ClamWin may look primitive, but don’t let that fool you. It’s one of the best free antivirus scanners currently available. The scans can take a while but it detects pretty much everything so the trade-off is worth it.

Why use ClamWin? Because it’s open-source, unlike the above-mentioned alternatives, and this is important if you want to verify that a program is doing what it claims to be doing—especially if that program is a security application. You can never be too careful.

Diagnose Your PC’s Problems With These Tools

We hope you’ll find these tools useful. Will you need ALL of them? No, probably not. Just pick the ones that seem valuable to you and forget the rest, at least for now.

You can always bookmark this page and refer back to it if you ever stumble into an issue that you’ve never seen before. Just remember to reboot before troubleshooting Why Does Rebooting Your Computer Fix So Many Issues? "Have you tried rebooting?" It's technical advice that gets thrown around a lot, but there's a reason: it works. Not just for PCs, but a wide range of devices. We explain why. Read More .

Image Credit: La Gorda/Shutterstock

Related topics: Computer Diagnostics, Troubleshooting, Windows Tricks.

Affiliate Disclosure: By buying the products we recommend, you help keep the site alive. Read more.

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  1. BonnieWWyatt
    October 24, 2018 at 10:49 am

    HP provides diagnostic software you can use to test hardware components on your computer and confirm hardware failures when you suspect something is wrong.

  2. suraj
    August 9, 2018 at 4:13 pm

    my dell inspirion laptop with 8gb RAM,has half screen light flickering issue during playing any video for long time i.e in playing movie

  3. a Technical Manager
    April 28, 2018 at 5:15 am

    OMG. THIS must be THE WORST advice to give anyone. None of these programs test ANYTHING properly or give ANY decent advice on how to fix them. A quick all-in-one for anyone wanting decent diagnostics, look at HIRENS boot disk. a collection of tools that actually test and fix things.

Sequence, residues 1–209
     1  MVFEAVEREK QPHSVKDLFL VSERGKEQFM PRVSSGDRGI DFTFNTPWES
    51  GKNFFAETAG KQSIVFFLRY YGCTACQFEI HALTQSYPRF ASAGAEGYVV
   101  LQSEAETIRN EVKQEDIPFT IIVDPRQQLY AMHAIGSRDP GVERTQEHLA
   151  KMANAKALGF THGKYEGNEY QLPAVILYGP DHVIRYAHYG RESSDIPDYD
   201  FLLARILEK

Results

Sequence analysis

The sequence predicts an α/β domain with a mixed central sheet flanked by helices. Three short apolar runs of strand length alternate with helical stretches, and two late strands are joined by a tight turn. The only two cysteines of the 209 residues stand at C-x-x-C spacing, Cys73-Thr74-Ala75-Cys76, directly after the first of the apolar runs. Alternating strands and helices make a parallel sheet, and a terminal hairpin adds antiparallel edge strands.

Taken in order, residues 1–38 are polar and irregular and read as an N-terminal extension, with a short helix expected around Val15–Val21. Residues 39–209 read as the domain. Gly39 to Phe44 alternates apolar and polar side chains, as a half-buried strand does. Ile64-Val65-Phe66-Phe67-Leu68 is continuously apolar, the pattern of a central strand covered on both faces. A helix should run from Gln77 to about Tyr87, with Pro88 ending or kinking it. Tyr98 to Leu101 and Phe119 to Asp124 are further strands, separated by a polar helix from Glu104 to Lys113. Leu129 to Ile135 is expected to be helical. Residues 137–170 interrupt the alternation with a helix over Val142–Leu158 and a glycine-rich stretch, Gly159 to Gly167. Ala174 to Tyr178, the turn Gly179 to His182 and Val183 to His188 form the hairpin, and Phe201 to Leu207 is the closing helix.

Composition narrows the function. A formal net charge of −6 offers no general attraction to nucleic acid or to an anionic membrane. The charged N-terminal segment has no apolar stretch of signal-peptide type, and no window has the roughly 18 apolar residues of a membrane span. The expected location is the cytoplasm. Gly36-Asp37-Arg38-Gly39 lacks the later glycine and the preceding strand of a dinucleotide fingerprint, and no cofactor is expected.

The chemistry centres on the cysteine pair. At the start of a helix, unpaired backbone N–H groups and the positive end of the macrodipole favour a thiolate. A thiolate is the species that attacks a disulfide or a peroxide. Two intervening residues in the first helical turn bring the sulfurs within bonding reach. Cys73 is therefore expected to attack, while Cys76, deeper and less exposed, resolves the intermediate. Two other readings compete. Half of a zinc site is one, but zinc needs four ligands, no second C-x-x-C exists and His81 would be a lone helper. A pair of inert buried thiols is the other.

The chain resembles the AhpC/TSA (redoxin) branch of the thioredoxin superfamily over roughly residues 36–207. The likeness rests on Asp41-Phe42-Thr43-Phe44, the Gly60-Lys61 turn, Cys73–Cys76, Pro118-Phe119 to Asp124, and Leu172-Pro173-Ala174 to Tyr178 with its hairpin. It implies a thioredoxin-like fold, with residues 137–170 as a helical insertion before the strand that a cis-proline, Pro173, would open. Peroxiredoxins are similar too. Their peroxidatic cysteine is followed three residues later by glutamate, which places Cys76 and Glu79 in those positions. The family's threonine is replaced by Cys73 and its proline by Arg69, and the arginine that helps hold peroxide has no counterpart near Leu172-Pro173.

4. Gravity Team
    April 14, 2017 at 11:13 am

    This article is very insightful and I found it answered a lot of my questions about windows. Think outside the box.

  5. Lynne B
    January 29, 2017 at 5:41 am

    Thank you so much for this list! I have an old pc that perhaps might help extend its life a bit longer.

  6. Moda MK
    January 13, 2017 at 1:15 pm

    HP provides diagnostic software you can use to test hardware components on your computer and confirm hardware failures when you suspect something is wrong.

  7. Ben
    October 12, 2016 at 2:09 pm

    Any comments about System Mechanic?

  8. eugene percy
    August 11, 2016 at 7:37 pm

    clamwin is a horrible anti malware program lmao

  9. Jason
    June 22, 2016 at 11:01 pm

    I was immediately turned off by CPU-Z. I ran it on a netbook and right off the bat it misreported the CPU speed (it claimed 2.1 GHz) and the type of memory (claimed ddr2-800 when it was actually 533) -- I know in this case it's minor, but if it can't get those two specs right, how can I trust any of the benchmarks?

    I've used SiSoft Sandra in the past with some success. The later versions have a lot of unnecessary bloat, but it's still good on giving you specs and comparisons to other machine benchmarks so you can do a shopping comparison.

    • Joel Lee
      June 24, 2016 at 1:57 am

      Oh really? That's strange. I've never had an issue with CPU-Z before, then again I've only had a handful of devices in my life so I'm not necessarily a big sample size. I'll try out SiSoft Sandra, thanks for the recommendation Jason.

    • Peter Blaise
      January 22, 2019 at 12:56 pm

      [ Jason ]. try the CURRENT version of CPUId elsewhere to see how it works successfully, then you may feel confident to recognize that the report it gives you is probably accurate, and your system in question is just behaving differently than labeled or promised or than you expect.

      Your CPU is running at 2.1 GHz and depends on bus speed and multiplier settings, and both Intel and AMD play labeling games to brag that their chips "feel" faster than their GHz speeds, and each may have burst speeds that are only available for short periods below maximum temperature, if you think you are getting 3.1 GHz out of a 2.1 GHz chip, you probably are, sometimes, and it's impossible to "feel" where speed comes from with multiple cores and multiple threads along with variable GHz speeds, but CPUId is honest and more importantly, accurate.

      And chips self-identified as DDR2-800 can run at any speed, including 533 MHz depending on the chips and bus settings, see https :// en. wikipedia. org/wiki/DDR2_SDRAM for more.

  10. Shikhanshu Agarwal
    June 22, 2016 at 5:19 pm

    Very useful list. Bookmarked.

    • Joel Lee
      June 24, 2016 at 1:56 am

      Thanks Shikhanshu! So glad you found it useful. :)